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Thursday, December 24, 2009

Dynamic audio synthesis with Silverlight 3

While WebGL is going to be something really cool for some online demomaking (although i would be happy to have an equivalent under Silverlight), it seems that audio is going to be a bit more limited.
Few months ago, Iwas very excited about a new feature in Silverlight 3.0 : dynamic raw audio access. That was something I was asking (with others) to the XNA team, but they sadly rejected totally such a feature request. Hopefully, Silverlight was more listening to its community and they brought this feature. Notice that this is the first time we have such an access under .NET. You don't have this under the normal .NET Framework, what a shame!
At that time, the dynamic raw audio access in the Silverlight beta had a bad latency... but they solved this issue and believe it or not, it's working GREAT.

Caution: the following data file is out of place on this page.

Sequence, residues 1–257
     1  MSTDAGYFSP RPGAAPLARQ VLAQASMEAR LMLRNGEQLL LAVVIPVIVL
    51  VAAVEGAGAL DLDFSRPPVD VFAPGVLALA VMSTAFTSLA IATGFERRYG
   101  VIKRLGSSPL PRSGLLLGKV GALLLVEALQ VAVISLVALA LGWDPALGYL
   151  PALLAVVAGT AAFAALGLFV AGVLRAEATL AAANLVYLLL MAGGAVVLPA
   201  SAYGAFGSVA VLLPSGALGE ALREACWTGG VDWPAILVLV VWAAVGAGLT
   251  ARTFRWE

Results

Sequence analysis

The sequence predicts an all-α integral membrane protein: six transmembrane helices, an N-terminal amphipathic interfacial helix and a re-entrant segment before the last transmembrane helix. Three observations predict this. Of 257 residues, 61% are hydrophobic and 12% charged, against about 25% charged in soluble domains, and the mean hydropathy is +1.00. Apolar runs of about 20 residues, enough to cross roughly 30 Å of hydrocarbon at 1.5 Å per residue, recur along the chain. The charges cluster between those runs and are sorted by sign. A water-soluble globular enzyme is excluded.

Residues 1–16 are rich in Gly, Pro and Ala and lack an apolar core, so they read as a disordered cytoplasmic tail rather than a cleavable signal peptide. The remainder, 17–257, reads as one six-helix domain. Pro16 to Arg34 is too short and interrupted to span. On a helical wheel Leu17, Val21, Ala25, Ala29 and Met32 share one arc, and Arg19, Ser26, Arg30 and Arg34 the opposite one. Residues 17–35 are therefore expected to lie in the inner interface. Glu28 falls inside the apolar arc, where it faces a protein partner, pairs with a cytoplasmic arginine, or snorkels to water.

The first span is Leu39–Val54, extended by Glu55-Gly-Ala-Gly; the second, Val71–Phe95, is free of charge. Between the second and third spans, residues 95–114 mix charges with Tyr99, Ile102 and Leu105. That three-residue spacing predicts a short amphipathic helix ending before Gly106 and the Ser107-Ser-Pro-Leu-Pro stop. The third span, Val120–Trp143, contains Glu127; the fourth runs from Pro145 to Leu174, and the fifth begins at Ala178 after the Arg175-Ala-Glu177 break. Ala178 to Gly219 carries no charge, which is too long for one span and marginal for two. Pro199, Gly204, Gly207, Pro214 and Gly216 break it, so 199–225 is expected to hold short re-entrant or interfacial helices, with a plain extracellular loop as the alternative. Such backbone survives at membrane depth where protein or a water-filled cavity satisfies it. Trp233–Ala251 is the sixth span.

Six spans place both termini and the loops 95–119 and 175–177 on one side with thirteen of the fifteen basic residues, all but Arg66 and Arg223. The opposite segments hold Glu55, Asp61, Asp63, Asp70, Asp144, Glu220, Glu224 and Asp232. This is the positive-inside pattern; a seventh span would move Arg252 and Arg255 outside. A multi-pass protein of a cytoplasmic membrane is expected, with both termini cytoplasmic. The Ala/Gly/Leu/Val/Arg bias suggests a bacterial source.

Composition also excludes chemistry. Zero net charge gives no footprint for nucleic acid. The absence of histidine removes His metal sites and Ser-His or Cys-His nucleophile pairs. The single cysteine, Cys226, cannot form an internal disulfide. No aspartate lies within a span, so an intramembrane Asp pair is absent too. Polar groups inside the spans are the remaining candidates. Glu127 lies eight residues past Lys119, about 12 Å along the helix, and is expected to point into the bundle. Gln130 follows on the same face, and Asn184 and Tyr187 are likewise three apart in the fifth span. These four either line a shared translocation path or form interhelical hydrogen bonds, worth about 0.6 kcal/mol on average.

It's now possible to achieve a latency as low as 20 to 30ms, although that might not be sufficient for a professional audio system, that's already really cool to have it on a browser.

I did a very small experiment with just a plain cosinus to output some dynamic sound and the result is quite cool, under 7ko in xap archive (push the button and move the slider)

You can download the Visual Studio C# Project here.

Friday, December 11, 2009

RMasm, a new generation of macro assembler

I have not updated this website for a while... that's because I was actively working on a new exciting project called RMasm!

What is RMasm? It's a new generation of macro assembler, using the Ruby language as its main "macro" language and supports, in the beginning, the x86 assembler syntax. You may ask "Why developing another assembler while there are plenty of them around? (look at Nasm, Fasm, Masm, HLA...)". Well, while I was coding the new softsynth for FRequency in assembler (project that is temporally suspended because of RMasm, oops, sorry ulrick for the delay!), I found current assemblers to be very limited by their macro language. Although I was using Masm that is recognized to have a "strong" macro language, I found this language very ugly, not really powerful, syntax hard to learn and in definitive, quite limited.

So i started to think about a new kind of assembler...